NORTH NEWTON, KAN. – When it came to marking the 10th anniversary of Sept. 11, 2001, Bethel College chapel planners turned to a personal connection.
Ruth Tumblin, a 2010 Bethel graduate in nursing, survived the Sept. 11 attacks. She was employed at Morgan Stanley Dean Witter, a brokerage firm, in its sixth-floor offices at 5 World Trade Center in Manhattan, part of the World Trade Center complex.
Tumblin, who now works at Newton Medical Center in the Generations unit for patients with dementia, shared her story during the college’s weekly chapel service Wednesday, Sept 7.
The chapel also included “A litany of remembering, prayer and confession” and the men’s a cappella group Open Road singing “O God, our hearts were shattered.” Carolyn Winfrey Gillette wrote the hymn text, and the Worship Committee of the Metropolitan Washington, D.C., Synod of the Evangelical Lutheran Church in America prepared the litany, both for the 10th anniversary of 9/11, which falls on a Sunday.
Tumblin was born in Puerto Rico. She graduated from Hesston High School in 1987. By 2001, she was living in New York City as a single mother with a young son, Roland.
She saw many heartbreaking and horrifying sights, after the explosions caused by commercial jetliners hitting the twin towers of the World Trade Center shook her office building and sent everyone inside out onto the streets.
In the chapel and in interviews with two local TV stations afterward, Tumblin recalled two people whom she names as “angels” – people whose names she never knew and whom she never saw again – who helped her make her way from mid-town Manhattan more than 100 blocks uptown to New York Presbyterian/Columbia University Hospital, which was across the street from Roland’s school.
Once at the hospital, Tumblin was told that the Twin Towers had collapsed and that two more planes had crashed, one into the Pentagon and one in a field in western Pennsylvania. Starting at that point (and continuing to the present day) she suffered the effects of post-traumatic stress.
While in therapy to help deal with the PTSD, she began to think about studying nursing – partly as a result of her therapist’s suggestion and partly as she remembered what had happened to her.
She thought about “not being able to help people” who were injured and dying around her on 9/11, she says. And she recalled the way the nurses at Presbyterian/Columbia Hospital had cared for her.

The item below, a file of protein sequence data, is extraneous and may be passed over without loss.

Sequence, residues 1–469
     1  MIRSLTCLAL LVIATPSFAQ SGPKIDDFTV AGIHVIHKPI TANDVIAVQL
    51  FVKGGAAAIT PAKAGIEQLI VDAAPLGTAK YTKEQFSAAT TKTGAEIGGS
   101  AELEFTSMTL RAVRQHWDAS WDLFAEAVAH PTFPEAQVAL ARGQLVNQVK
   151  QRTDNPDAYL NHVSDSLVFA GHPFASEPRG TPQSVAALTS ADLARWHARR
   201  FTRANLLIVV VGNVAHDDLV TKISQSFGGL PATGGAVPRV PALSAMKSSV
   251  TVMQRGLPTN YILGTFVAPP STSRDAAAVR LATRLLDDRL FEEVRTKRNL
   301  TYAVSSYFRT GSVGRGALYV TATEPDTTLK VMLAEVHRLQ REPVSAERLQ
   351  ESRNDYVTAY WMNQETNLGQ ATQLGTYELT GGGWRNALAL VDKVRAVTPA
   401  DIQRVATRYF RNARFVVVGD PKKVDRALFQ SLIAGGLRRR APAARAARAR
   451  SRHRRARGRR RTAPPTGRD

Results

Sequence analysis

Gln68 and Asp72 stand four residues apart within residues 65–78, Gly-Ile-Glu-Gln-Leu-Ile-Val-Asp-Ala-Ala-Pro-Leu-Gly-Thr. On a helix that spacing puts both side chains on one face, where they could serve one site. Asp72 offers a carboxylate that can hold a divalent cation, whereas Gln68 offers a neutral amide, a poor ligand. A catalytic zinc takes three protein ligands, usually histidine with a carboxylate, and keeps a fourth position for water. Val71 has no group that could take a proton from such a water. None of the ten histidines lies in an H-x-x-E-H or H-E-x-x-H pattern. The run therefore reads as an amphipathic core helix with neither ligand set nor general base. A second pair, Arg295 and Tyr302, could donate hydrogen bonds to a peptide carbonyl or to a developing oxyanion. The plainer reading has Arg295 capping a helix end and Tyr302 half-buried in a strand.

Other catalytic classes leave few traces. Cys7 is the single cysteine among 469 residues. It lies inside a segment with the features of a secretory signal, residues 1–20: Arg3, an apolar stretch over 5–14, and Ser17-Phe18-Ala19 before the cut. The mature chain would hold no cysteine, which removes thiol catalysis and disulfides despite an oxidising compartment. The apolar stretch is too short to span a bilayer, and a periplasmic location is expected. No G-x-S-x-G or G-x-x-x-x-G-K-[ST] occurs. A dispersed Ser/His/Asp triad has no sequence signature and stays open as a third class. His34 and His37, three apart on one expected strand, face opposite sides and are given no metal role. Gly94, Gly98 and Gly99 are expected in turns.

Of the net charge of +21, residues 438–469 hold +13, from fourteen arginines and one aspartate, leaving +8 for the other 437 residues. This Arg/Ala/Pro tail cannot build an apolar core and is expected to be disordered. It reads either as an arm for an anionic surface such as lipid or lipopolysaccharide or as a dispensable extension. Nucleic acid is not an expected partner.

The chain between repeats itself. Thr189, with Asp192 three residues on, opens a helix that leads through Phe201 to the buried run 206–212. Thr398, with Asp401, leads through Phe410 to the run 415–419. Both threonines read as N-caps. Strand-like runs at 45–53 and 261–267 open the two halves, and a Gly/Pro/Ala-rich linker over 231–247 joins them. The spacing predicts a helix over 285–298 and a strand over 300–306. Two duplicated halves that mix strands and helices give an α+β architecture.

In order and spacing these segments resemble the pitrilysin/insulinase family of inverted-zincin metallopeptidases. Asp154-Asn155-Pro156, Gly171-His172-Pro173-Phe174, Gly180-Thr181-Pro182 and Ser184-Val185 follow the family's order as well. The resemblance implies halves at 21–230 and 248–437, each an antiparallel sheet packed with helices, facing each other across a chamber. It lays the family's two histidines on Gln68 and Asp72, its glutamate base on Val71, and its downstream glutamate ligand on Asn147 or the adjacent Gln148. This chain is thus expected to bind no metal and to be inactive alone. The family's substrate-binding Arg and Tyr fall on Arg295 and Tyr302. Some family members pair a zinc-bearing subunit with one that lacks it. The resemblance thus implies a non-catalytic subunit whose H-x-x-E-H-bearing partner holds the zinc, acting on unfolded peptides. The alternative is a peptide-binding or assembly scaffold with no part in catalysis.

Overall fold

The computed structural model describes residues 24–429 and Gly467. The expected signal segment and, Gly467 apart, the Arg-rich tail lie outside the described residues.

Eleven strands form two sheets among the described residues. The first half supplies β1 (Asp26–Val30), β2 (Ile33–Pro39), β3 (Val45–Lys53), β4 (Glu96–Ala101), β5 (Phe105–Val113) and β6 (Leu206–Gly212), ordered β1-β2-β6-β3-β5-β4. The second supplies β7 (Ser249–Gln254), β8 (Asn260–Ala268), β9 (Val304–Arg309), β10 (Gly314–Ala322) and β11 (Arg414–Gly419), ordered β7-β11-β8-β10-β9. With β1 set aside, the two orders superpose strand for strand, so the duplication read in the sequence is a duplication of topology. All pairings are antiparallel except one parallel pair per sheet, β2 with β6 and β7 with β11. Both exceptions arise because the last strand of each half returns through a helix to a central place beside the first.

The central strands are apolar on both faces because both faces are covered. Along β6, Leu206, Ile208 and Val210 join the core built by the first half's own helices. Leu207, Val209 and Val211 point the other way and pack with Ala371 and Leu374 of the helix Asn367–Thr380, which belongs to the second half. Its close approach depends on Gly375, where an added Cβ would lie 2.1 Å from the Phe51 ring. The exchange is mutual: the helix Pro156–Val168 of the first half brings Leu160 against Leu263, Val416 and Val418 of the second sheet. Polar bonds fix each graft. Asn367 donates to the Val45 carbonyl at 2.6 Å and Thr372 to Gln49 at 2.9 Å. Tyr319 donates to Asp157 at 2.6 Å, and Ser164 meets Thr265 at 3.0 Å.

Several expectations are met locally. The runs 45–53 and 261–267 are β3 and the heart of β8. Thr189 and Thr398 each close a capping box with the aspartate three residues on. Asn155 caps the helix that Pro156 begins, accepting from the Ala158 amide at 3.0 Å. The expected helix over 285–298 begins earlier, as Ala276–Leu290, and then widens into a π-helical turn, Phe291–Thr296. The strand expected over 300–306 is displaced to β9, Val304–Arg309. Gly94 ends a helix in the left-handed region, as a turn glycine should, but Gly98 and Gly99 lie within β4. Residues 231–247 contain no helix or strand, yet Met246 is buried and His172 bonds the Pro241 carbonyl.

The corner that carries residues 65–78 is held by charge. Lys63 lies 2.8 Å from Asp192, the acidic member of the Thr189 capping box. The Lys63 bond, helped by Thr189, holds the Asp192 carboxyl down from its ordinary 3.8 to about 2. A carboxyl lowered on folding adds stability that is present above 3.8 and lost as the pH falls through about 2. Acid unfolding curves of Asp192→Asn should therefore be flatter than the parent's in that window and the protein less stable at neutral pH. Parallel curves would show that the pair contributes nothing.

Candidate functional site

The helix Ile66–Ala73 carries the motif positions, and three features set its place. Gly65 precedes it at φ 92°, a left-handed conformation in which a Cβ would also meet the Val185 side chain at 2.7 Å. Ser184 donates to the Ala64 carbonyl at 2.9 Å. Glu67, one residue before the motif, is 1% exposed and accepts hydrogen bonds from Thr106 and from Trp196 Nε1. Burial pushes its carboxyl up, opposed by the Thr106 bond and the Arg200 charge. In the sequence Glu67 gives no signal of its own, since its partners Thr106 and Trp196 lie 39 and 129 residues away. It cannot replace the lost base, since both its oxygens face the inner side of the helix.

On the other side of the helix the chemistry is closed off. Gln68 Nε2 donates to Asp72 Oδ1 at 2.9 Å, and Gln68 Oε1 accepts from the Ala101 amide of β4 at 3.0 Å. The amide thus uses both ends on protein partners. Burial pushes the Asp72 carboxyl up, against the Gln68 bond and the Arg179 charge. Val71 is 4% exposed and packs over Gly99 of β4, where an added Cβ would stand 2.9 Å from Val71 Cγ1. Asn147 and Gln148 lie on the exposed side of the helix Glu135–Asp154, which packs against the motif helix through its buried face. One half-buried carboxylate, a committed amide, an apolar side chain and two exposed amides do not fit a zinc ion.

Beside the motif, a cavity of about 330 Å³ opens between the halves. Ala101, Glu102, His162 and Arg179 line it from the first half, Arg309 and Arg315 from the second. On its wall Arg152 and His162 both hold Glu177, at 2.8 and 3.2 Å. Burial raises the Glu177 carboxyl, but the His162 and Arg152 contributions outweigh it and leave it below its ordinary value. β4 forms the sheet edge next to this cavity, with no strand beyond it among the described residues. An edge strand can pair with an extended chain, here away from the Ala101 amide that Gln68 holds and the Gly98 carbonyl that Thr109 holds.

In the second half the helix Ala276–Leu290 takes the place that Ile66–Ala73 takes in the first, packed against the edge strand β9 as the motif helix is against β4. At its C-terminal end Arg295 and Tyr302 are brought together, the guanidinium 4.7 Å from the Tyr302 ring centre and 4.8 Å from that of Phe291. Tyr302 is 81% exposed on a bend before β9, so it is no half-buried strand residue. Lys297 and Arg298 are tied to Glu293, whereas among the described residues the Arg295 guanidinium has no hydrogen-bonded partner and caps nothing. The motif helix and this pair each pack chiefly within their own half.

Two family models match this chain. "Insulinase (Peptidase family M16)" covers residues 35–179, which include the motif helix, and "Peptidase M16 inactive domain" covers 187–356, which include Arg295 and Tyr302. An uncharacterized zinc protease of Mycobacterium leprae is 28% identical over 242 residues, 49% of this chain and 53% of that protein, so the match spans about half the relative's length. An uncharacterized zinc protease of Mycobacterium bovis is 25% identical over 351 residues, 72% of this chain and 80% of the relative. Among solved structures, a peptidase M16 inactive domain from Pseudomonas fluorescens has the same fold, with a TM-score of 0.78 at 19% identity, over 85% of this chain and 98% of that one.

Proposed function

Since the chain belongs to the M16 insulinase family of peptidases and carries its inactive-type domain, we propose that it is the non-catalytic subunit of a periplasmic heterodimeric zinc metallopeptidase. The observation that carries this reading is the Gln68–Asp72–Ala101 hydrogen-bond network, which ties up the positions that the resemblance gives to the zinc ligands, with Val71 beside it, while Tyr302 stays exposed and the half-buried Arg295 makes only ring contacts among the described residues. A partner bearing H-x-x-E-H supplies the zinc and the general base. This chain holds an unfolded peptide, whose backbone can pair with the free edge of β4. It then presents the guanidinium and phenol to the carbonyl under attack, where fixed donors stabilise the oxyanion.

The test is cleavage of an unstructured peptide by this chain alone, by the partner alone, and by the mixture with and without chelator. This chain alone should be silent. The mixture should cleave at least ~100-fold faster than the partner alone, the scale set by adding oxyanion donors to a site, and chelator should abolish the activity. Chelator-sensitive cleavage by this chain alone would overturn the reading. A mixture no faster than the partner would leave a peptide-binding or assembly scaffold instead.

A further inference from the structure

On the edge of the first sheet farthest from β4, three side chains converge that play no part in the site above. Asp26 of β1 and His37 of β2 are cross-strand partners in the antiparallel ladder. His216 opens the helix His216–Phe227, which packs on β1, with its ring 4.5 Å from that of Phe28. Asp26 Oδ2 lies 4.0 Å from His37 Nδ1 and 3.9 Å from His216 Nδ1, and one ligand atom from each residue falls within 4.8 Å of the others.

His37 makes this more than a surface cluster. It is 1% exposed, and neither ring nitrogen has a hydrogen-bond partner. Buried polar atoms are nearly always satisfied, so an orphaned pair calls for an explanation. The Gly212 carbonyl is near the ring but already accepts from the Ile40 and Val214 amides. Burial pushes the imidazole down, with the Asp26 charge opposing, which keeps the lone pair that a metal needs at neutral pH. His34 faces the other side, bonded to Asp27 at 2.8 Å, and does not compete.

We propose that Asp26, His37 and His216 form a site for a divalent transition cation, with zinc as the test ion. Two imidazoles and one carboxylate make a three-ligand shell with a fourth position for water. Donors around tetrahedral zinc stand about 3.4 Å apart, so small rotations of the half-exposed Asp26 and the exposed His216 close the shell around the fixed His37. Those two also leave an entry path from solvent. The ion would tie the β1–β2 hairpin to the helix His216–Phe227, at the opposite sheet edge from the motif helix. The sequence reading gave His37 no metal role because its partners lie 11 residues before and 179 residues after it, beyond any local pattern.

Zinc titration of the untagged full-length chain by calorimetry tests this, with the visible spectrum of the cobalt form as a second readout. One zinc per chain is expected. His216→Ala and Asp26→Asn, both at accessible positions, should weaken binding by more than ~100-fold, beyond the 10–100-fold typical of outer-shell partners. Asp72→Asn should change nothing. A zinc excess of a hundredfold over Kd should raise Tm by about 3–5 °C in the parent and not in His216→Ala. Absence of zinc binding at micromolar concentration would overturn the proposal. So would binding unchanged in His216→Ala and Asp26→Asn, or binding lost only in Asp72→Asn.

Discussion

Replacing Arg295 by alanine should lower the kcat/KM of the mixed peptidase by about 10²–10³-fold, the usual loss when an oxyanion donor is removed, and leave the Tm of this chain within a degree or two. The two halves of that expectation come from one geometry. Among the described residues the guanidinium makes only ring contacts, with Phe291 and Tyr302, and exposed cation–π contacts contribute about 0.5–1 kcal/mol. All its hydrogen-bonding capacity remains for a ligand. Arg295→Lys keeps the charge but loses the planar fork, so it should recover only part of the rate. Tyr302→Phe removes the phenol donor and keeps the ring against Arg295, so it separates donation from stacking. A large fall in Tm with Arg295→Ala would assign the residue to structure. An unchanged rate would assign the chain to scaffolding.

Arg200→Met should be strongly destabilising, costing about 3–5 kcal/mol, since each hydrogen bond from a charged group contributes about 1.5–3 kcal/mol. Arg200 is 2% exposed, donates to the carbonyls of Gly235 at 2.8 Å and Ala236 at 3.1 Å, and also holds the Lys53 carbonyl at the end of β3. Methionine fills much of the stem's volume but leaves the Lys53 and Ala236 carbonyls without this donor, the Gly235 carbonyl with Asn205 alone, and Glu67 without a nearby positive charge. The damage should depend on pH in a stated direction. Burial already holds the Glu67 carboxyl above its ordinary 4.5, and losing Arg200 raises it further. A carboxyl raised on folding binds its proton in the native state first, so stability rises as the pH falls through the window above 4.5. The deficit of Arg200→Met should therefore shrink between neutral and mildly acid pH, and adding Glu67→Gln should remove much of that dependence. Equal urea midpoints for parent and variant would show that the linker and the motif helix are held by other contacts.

Because of her connection to Hesston, Tumblin eventually made her way back to Kansas and then to Bethel College to enter the nursing program. While she was studying, she became a hospice volunteer, which she still does.
Tumblin says she is called, in her work with both sufferers from dementia and hospice patients, as well as their families, to help them “finalize – to reach a good end. I saw people [on 9/11] who didn’t have the chance to finish their journey [well]. I want to help them be comfortable, peaceful and pain-free.”
When one of the television reporters asked Tumblin if she agreed with the tone of Bethel College’s 9/11 chapel, which included prayers for the people of Afghanistan and Iraq and called for loving those considered enemies, she said without hesitation that she did.
“9/11 was an act of hate,” she said. “We need to have love for everyone. We need to stop hating, especially within ourselves. I can relate to waking up every day in fear and that was just after the experience of one day. What about people [in places at war] who experience that day after day?
“Killing isn’t going to make my life better. It won’t bring anyone back.”
Tumblin began her presentation by reading Psalm 23, which she said “holds a special place for me. It’s a gift to be alive every day. Every day [since Sept. 11, 2001] is a chance and an opportunity to do something for someone.
“I ask everyone to appreciate life, the world, the small things, like a flower, your friends. It’s OK to be angry but don’t leave [someone] without telling them you love them – because you walk out the door every day and you just never know if you’ll be back.
“I don’t share my story to scare anyone. I share my story to let people know God is good. Even in such a tragic moment, God’s presence was there. I know this because he sent angels to be with me. I traveled through the valley of death, and God was there.”